So – I started to write a job description by listing every piece of my preparation pie (see the end of this post for the final product). As the list of necessary skills evolved, I realized that I knew a person who had the required skillset, but had no idea that he would be interested. Retired from a corporate position, we had met when I managed a Thrift Shop. He offered a house watch service for vacationers, including feeding the pets.  In my new single status, he had become a regular as I was required to travel out of town related to the relocation and other family matters.

I forwarded the proposed job description and offered compensation that I hoped would be attractive enough to open the conversation. Today we reached a meeting of the minds.  I have already scheduled painters and the first wave of movers. We did a detailed walk-through where he identified other repairs and that would improve salability (he had over a page of notes) but agreed to my offer, with the caveat that we would review in a week or so to see if the estimated hours were reasonable.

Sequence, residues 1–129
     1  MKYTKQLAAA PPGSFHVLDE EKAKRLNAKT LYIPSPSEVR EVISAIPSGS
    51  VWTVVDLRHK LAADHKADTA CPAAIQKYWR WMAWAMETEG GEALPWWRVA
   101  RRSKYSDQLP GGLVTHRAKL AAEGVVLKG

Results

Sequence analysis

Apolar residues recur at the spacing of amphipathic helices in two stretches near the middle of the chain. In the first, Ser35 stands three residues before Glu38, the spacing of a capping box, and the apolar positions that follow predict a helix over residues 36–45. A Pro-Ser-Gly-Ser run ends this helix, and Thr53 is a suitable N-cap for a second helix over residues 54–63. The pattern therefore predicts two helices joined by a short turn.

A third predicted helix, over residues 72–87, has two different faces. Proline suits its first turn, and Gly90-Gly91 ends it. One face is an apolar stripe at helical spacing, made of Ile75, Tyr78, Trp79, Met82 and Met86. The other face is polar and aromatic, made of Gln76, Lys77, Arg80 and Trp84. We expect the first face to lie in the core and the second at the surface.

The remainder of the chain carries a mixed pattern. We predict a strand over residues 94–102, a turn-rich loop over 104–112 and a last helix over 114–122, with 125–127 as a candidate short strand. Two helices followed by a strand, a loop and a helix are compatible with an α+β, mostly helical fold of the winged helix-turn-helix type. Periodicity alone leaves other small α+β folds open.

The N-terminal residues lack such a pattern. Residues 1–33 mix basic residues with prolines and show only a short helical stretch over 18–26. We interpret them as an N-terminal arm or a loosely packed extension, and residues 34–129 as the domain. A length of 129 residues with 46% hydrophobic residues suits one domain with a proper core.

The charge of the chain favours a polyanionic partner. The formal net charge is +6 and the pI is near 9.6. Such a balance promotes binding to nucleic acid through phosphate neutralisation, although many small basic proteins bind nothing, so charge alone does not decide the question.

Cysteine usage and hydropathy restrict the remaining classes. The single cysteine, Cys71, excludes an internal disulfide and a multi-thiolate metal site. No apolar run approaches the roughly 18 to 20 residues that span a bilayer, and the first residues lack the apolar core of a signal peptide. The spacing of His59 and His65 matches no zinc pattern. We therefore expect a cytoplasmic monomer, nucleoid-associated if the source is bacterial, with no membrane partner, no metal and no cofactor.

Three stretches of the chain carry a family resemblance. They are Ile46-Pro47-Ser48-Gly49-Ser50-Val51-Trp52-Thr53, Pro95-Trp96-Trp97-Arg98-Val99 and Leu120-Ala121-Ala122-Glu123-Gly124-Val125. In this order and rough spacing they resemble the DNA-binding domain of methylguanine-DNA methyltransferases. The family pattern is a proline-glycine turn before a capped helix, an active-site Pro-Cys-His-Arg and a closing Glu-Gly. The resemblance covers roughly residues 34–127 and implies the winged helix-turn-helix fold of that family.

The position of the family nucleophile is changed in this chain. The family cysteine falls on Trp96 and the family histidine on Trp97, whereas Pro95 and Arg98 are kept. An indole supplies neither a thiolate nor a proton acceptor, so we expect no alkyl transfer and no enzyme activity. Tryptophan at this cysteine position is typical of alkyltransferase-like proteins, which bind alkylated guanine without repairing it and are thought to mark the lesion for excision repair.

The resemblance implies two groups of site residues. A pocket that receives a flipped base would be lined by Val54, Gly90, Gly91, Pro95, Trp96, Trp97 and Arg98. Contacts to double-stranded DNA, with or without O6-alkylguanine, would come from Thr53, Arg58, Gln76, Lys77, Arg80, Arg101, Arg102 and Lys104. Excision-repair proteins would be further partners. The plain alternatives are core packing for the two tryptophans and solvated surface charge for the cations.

I cannot possible express my sense of relieve as we finished the walk-through this morning.

Onward to the packing boxes.

Move Manager Job Description
Major Move
Be second set of ears for decisions to be made by owner related to move to Burnsville
Schedule Primary Move and negotiate fee
Provide advice on purging for staging and major move
 
Staging
Provide advice on preparation for staging decisions
Supervise interior painting
Staging Move
Supervise preparation for “staging” move to storage unit
Basic Assumptions
Communication with Client will be limited to one major e-mail per day, and one phone call.
Text messages may also be required, but limited to five per day.
A basic time-table will be established which manager and client will be able to adjust,
     but not without approval from the other party.
Compensation

Compensation will be paid after the sale of the

of the primary house.

 
 
 

 

A Great Meeting with the Finance Guys